We quickly arranged a trip to the emergency room. Ann said, “should I come with you?” I said, “oh, you’ll have to make those decisions for now.” A Thai doctor turned out to be a good choice for this type of wound, they see lots of strange machete mutilations here. Very Thai, though, certainly too Thai to tell you when he was going to suddenly hurt you real bad. “You will feel this,” they say, American doctors say, and you know to brace yourself for the pain. I didn’t want to look, so my head was turned away when the doc and a couple of nurses were getting started. He chose not to tell me before he jammed the local anesthetic injection into the stump, I jumped a foot off the bed. The next couple of jabs weren’t so bad, I expected those. Then they cleaned it up and cauterized it, a faint cooking smell. After the shots I didn’t feel a thing, and I mean from then on; I never had any pain at all with the healing. I mean, if I jammed it into something it hurt briefly, but just lying there in the bandage it never hurt at all. “You’re lucky,” the doctor said much later, “you have a high pain threshold.”

I did, however, have a low gross-out threshold. I didn’t look at it for two weeks, “mai ow hen, c’ap.” (“I don’t want to see.”) I had to go every day for three weeks to get it cleaned and re-bandaged. It was always a pleasure, the nurses were all typically pretty, cheerful, graceful Thai women. The nurses loved me, I never complained, just smiled and said thank you. They practiced their English. The worst part was wondering: what will it end up looking like? Will it take guitar string pressure? Will it get infected? How long will it take to heal? Will I finally lose the nail? Where does the bone end . . . will the tip be too thin?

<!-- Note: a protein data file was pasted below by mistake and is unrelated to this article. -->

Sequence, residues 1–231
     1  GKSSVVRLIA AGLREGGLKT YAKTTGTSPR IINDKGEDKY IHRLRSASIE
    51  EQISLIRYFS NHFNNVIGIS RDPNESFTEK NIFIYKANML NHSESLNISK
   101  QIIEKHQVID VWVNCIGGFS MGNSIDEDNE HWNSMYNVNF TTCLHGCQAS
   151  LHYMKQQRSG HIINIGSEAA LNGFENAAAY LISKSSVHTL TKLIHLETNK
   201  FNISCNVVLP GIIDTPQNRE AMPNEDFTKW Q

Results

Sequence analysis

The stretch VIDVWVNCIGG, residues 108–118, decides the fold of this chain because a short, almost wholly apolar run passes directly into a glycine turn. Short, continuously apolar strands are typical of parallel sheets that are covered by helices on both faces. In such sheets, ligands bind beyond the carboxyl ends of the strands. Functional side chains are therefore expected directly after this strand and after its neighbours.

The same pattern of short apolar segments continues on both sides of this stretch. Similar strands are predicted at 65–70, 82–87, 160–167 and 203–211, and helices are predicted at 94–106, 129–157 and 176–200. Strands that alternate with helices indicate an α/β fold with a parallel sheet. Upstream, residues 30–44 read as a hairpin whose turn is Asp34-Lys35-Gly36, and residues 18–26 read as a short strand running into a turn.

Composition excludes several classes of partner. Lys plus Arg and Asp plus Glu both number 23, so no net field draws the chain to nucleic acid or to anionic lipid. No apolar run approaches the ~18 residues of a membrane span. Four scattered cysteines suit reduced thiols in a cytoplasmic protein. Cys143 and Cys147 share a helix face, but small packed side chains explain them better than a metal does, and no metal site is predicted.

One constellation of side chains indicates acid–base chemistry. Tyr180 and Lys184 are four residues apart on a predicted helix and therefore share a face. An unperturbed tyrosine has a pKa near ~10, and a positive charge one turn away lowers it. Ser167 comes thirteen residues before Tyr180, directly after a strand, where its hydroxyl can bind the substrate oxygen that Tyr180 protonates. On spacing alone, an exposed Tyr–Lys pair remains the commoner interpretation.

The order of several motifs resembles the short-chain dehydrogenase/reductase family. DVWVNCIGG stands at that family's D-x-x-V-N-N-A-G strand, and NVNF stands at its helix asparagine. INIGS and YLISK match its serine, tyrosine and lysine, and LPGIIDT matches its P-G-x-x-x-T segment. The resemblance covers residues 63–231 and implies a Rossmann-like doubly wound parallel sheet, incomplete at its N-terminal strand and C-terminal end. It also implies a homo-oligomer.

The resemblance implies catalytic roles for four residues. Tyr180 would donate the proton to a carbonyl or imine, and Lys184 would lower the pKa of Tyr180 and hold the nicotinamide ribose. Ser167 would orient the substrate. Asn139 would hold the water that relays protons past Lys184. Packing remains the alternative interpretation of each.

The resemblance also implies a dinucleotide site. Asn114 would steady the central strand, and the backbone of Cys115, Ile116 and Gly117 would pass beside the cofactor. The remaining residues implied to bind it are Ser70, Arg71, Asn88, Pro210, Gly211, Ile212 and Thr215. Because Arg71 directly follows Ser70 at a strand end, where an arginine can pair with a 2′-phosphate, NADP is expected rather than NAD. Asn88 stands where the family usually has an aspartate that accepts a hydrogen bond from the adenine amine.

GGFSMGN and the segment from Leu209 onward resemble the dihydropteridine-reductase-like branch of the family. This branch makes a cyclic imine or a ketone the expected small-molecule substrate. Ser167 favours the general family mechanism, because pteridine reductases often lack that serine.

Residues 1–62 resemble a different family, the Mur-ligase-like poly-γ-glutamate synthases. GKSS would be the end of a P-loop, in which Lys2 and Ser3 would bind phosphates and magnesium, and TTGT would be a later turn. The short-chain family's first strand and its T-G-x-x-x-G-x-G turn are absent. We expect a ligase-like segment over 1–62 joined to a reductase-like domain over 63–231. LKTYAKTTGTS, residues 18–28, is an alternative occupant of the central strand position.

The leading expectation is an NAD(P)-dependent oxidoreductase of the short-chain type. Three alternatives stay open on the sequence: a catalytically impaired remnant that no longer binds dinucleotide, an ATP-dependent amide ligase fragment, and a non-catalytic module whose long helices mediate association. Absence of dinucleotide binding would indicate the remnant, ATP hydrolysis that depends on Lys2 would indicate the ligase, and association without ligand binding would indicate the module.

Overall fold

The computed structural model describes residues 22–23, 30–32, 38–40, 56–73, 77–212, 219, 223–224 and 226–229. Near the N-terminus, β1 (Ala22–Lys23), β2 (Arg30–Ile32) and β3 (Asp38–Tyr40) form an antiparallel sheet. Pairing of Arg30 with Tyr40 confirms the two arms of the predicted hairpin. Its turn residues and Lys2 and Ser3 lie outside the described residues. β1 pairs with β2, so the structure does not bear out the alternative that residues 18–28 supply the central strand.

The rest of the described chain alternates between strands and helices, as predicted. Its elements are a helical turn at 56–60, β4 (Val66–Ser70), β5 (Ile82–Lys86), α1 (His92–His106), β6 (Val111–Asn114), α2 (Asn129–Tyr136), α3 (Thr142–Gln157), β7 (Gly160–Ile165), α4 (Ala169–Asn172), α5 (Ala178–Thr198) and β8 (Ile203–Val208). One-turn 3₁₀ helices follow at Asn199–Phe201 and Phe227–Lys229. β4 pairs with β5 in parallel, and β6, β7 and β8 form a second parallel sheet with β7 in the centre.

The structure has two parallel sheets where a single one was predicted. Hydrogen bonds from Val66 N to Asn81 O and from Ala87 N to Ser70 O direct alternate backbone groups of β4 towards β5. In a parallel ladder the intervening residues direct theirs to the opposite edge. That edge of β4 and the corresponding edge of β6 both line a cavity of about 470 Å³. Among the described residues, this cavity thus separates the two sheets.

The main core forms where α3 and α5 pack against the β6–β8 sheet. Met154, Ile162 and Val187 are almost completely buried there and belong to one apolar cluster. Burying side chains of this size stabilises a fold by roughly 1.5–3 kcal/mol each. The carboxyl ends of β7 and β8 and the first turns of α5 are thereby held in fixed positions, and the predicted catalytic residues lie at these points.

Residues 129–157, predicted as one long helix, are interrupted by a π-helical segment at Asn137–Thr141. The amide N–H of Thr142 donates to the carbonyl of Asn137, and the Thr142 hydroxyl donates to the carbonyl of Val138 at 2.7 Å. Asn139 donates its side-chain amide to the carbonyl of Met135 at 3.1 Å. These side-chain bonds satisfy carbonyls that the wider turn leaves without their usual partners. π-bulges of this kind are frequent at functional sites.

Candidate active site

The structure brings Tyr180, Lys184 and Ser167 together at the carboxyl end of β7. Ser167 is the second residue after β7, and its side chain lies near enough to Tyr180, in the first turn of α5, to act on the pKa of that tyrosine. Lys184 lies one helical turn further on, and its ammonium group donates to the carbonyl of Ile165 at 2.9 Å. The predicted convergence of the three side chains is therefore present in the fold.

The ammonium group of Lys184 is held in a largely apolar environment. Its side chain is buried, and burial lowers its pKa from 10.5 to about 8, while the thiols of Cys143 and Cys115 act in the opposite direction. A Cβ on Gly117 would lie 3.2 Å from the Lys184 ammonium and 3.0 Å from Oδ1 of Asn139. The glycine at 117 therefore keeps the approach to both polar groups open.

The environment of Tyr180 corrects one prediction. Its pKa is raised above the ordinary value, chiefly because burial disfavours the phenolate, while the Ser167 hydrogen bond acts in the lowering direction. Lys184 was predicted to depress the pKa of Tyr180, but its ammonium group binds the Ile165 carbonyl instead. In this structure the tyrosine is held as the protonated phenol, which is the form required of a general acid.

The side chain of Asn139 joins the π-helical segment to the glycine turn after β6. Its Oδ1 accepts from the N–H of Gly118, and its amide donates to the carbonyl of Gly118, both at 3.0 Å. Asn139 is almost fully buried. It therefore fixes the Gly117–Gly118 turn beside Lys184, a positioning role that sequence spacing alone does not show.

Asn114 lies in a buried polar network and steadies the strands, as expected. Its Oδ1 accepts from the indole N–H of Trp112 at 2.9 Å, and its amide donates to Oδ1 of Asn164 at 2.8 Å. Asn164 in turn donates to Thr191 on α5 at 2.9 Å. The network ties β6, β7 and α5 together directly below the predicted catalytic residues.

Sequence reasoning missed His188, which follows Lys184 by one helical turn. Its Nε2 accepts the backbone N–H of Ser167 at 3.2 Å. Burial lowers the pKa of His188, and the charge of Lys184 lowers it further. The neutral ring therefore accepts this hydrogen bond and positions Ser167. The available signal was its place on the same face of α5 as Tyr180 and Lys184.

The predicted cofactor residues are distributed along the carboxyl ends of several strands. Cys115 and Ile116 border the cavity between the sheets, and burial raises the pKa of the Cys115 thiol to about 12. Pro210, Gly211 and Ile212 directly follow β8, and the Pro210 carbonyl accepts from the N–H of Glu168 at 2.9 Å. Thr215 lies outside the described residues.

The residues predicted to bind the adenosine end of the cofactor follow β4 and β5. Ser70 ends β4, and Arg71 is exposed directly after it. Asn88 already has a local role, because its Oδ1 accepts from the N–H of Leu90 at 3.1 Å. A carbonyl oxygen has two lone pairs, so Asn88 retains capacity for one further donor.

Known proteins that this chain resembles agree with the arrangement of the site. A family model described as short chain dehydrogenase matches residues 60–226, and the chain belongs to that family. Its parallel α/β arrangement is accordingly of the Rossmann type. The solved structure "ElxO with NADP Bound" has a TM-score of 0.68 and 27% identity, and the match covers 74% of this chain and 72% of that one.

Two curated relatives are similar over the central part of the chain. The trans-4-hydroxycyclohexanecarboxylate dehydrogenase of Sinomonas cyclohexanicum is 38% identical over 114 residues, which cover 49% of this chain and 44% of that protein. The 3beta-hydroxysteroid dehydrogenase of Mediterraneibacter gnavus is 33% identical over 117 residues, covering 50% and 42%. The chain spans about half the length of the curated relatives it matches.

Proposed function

It’s two months later now, and it looks as though everything will settle down just fine. It’s already a fingertip to look at it, about three-eighths of an inch abbreviated. The nail is fine. I can type on the new fingertip, although it does still feel weird. In the meantime I have finally made sense of open tuning and can play guitar just fine without it. A forced excursion into the land of slide. I was never versatile anyway. I played songs at an English camp this week. It should be fine for all purposes in a couple of months.

Any lessons learned? Probably not. This case is probably what lawyers call “limited to it’s own fact pattern.” When washing out an ice chest it is important to take your time, focus on what you are doing, and don’t think about ten other things while your doing it. You should be fine.


No, it will never be fine again. A couple of years later, it's still hyperascthesic and not much use for guitar playing (bass guitar is a little better, I can use the flat part of the fingertip).

I had a procedure from a decent American Ortho, a "V-Y Projection" or something. It did a little good, it put a little more meat over the bone tip, stopped the worst of the cupping of the fingernail. Once you rip up a fingertip, however, it's kind of over, Johnny.


Anonymous said...

Sheesh, then learn to play drums, dummy.

fred c said...

I don't have enough room to swing a cat, much less own a set of drums. I could work a piano, and keyboards don't take up much room, but I'd rather feel sorry for myself.